Combat Actions

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There are a number of different types of actions you can take in combat. Normally, you can choose to take a Full Round Action, or 1 Standard, 1 Move, and 1 Minor in each of your turns. Extended actions take multiple turns to complete, and Free actions take so little time that they don't count.

Action Types

Standard Actions

Standard actions are amongst the most common action you're likely to take. Most Powers are performed as a standard action. Additionally, most instances of the Survival, Stealth, Bluff, Intimidate, Diplomacy, Craft, Perform, and Use Magic Device skills in combat are likely to be standard actions.

You may use a Standard action to withdraw from combat. This action is used to move from a threatened area to a non-threatened area without provoking opportunity attacks.

You may also elect to devolve a standard action into either a Move or a Minor action, should you need one of those actions more urgently.

Move Actions

Move actions are also very common actions. With a move action, you may move up to your speed, in any direction. The speed that you use should be appropriate to the medium; you can't use your Fly speed to move underwater, or your Land speed to move underground. Most in-combat Acrobatics and Athletics checks are made as a move action, and most non-standard actions that involve manipulating the world is also a move action; fetching objects from packs or saddlebags, directing a mount, etc.

You may also elect to devolve a move action into a minor action.

Minor Actions

Minor actions are small actions that require more time or consideration than none. These include things like drawing weapons, flipping obvious switches, pulling well-maintained levers, etc. Most in-combat Perception, Knowledge, Concentration, and Insight checks are minor actions.

Minor actions are also used to maintain ongoing effects.

Full Round Actions

Full Round Actions take your entire round to complete. Powers that normally require a Standard action can be used as a Full Round action. If they are, you gain +2 to the Point Limit of that power.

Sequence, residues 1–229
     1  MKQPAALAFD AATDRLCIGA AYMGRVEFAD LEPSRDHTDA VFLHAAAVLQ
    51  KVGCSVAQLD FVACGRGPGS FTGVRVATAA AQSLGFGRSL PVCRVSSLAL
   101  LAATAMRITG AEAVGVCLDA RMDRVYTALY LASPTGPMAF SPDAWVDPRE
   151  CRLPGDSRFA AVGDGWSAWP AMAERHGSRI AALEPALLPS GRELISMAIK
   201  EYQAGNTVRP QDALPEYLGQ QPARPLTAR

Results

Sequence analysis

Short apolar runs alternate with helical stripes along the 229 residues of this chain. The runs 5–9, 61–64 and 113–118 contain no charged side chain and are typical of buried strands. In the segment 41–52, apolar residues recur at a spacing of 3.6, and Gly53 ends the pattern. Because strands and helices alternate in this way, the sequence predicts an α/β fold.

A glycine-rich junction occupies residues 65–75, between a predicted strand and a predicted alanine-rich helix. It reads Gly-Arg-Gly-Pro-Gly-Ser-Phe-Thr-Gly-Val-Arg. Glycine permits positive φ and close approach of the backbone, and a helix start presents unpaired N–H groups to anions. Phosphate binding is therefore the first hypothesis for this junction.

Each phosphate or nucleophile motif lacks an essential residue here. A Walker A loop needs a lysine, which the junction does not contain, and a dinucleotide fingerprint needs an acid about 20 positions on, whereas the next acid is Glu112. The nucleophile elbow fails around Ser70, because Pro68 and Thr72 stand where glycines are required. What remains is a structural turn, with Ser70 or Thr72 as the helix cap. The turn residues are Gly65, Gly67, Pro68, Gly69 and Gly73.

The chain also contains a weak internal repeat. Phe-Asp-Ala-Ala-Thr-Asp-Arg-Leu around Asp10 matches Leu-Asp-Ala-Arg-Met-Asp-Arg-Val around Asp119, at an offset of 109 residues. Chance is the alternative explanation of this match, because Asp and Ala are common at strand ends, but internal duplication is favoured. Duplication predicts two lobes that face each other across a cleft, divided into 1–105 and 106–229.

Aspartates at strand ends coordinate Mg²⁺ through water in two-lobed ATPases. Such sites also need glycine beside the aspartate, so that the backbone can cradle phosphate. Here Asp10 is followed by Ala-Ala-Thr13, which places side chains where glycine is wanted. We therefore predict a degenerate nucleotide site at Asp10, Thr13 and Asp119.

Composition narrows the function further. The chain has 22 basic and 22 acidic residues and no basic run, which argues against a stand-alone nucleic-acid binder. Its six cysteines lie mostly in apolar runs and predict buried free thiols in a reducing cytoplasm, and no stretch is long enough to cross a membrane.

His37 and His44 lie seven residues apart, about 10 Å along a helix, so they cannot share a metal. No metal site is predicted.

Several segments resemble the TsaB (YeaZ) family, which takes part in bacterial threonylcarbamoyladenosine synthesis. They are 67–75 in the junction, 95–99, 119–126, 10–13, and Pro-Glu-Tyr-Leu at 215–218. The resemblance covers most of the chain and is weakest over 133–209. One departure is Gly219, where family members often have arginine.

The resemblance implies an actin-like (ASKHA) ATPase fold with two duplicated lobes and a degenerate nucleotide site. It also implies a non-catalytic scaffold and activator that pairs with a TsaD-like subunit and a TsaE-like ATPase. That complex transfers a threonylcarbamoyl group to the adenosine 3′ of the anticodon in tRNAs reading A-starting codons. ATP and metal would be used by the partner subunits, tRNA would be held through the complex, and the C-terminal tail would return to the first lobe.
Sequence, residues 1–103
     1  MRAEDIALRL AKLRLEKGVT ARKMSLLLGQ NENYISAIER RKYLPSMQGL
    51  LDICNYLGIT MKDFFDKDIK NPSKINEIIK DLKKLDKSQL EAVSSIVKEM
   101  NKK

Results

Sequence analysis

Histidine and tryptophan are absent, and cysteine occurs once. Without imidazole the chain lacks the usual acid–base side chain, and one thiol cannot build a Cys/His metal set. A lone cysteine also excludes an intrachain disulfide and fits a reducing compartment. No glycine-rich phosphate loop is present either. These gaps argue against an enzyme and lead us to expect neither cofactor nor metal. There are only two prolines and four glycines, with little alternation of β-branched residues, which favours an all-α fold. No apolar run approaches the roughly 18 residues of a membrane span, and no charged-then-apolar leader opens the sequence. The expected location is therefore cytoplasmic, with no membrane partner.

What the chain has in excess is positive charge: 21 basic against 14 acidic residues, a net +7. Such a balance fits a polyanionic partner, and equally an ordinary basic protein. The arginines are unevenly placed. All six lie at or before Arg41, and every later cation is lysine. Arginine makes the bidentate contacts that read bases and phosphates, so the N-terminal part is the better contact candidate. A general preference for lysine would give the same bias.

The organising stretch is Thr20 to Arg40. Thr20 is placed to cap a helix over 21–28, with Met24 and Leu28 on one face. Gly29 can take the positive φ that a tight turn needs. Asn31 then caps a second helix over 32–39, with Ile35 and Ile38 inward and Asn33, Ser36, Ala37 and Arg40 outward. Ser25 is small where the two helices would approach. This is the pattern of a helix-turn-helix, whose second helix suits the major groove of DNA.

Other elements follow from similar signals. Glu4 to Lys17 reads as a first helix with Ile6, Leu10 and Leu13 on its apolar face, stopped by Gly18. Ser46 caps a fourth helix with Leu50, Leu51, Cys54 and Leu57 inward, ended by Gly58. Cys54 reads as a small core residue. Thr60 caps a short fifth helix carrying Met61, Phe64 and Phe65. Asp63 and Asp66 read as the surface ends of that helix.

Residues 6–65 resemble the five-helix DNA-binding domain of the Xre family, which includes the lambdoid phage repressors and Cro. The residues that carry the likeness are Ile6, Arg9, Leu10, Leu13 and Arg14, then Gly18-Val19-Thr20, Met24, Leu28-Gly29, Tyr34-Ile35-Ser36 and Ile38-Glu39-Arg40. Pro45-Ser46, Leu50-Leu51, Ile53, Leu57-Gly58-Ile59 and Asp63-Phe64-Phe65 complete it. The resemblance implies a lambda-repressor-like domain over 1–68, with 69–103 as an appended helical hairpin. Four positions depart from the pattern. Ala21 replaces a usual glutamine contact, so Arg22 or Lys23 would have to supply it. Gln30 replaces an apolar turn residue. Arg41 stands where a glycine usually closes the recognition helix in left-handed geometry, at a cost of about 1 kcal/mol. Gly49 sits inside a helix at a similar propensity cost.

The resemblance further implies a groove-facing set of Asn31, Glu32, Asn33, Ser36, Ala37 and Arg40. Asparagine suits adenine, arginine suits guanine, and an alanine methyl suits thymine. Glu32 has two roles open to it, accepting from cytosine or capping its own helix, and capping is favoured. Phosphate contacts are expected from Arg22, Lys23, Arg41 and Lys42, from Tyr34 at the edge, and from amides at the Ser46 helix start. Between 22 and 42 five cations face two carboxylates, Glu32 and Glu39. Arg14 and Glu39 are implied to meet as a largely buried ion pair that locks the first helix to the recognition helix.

You may Run as a full round action. If you do, you may move up to 4 times your move speed. For every time you change direction or encounter a minor obstacle such as stairs or small, easily moved objects of furniture, you lose 1/2 of your move speed in movement (ie, 3.5x total for the first, 3x total for the second) and must succeed a DC10 Acrobatics check or halt your movement.

Extended Actions

Extended actions take multiple rounds to complete. This type of action is uncommon in combat, as most are extended move actions and are handled as separate movements.

One example of an Extended action is the ritual. A ritual will normally take several minutes to conclude, once started. Since they require concentration and prescribed actions, it is inadvisable to attempt them in combat, but if you do, it will be done as an extended action.

Free Actions

Free actions are actions that take such little time or effort that they're not worth considering. However, there is a reasonable limit on what you can do for free; barking an order is free, but reciting the Art of War is not.

Typical free actions are:

  • Talking
  • Dropping an item
  • Voluntarily falling prone

Reactions

Reactions are free actions made in response to something. There are no prescribed reactions, except those made by Readied actions.

Readied Actions

A Readied action is a Full-Round, Standard, Move or Minor action that has a condition attached to it. You sacrifice the appropriate action in your turn, and declare the triggering condition.

If the condition is met, then you may choose to perform the action. If you do, you perform the action as normal as a reaction to the triggering action. Your initiative position changes to be after whoever triggered your readied action.

If the condition is not met, you lose the action but your initiative position doesn't change.

The trigger may be nearly anything. Some examples include:

  • A door opening
  • An ally being attacked
  • A Power being used

Delaying

Delaying can also change your initiative order. On your turn, you can choose not to act at all, in order to take your turn at a later date. To do so, declare that you are delaying. You may then declare that you're taking your turn any time another entity's turn ends, but before the next entity takes an action.